Bill Salatka, WLUFA President & Associate Professor of Accounting
In my review of the financial statements of several Ontario universities, I noticed an accounting standard change that now gives us a lot more information about the status of our pension plan. In the past, the accounting standards allowed administrations across Ontario to hide actuarial gains and losses of university pension plans. Substantial actuarial gains were hidden in the past. Today, all actuarial gains and losses must be disclosed in the Statement of Operations. Massive actuarial losses are now disclosed. Why does this affect you?
My best guess is that administrations all across Ontario will use the massive actuarial losses to claim that: (1) pension plans are “broken” and need to be fixed; and (2) far greater contributions are needed from faculty and staff along with substantially reduced benefits in the future for pension plans to survive. Don’t believe this, it is not true. It’s baloney.
The Administration has largely created the deficits we now observe through pension contribution holidays and it is now responsible for those deficits. The economic design of the Laurier pension plan requires contributions each year from both eligible employees and the Administration. In addition, the legal structure is set up so that the Administration owns all actuarial gains and losses.
In the 1990s very large actuarial gains were generated by the Laurier pension plan. The Administration eagerly spent all of these gains by not contributing to the pension plan (the “pension contribution holidays”) and in the process borrowed against the pension plan creating the pension deficit we now observe. In all fairness, this is a legal right of the Administration which owns all the actuarial gains and losses.
In addition, the tax law prohibited contributions to the pension plan when huge actuarial gains overfund the pension plan. The tax law did not specify what happens to the pension contributions not made. The Administration had a number of options here. They decided to spend every last dime of the actuarial gains and suspend the economic design of the Laurier pension plan. This is its right. But, it also entails a responsibility.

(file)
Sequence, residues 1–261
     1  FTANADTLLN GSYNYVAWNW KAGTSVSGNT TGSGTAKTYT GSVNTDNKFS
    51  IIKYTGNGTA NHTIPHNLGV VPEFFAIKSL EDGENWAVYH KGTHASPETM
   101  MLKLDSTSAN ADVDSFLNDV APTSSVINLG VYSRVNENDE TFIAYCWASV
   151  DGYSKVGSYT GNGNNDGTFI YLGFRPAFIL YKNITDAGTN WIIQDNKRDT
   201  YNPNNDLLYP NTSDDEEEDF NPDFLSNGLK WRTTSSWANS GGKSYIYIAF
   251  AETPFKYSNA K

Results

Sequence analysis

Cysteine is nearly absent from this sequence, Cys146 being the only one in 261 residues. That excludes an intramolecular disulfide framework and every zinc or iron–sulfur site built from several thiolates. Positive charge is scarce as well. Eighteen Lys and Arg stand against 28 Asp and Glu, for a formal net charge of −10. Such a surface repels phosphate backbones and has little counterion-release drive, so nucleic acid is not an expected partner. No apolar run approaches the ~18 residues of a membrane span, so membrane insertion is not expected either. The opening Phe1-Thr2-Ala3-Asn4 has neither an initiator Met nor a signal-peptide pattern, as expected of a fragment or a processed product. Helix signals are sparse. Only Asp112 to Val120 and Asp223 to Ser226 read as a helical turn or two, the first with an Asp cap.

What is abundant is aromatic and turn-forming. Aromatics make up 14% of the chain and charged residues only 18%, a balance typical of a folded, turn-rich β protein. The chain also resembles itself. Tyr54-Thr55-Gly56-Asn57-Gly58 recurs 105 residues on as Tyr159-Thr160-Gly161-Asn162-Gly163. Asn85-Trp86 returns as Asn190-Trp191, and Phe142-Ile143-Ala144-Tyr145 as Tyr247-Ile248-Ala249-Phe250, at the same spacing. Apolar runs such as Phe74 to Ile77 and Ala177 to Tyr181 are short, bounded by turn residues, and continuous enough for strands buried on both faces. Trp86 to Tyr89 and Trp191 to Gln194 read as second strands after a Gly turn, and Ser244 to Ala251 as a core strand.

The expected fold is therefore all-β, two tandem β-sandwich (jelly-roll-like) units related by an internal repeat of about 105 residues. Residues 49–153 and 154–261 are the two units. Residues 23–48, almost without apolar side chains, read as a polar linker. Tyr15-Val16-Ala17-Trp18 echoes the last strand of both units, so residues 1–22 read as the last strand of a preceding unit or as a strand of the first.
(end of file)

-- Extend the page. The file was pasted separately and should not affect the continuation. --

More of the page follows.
The Administration now points to the deficit in the pension plan, a deficit they created, and insists that the pension plan is “broken,” in effect, claiming that they are not responsible for the deficit. This is not accurate. It’s baloney. During the last round of negotiating the Collective Agreement for Full-time Faculty and Professional Librarians, WLUFA provided the Administration with a report from our actuary that clearly showed the pension contribution holidays explaining virtually all of the deficit in the Laurier pension plan as of 2010.
The Administration largely ignored this report during negotiations and insisted that other external factors were the cause of the deficit in the pension plan, thereby “absolving” the Administration of responsibility for the deficit. The risk in our pension plan going forward is the risk that the Administration will not accept its rightful responsibilities for under the law of ownership of the deficit and are unwilling to properly fund the pension plan.
The next time the Administration proclaims that the pension plan is in ‘trouble’; think ‘baloney’ and ask them:
“Since this is your responsibility, why are you not fixing the problem?”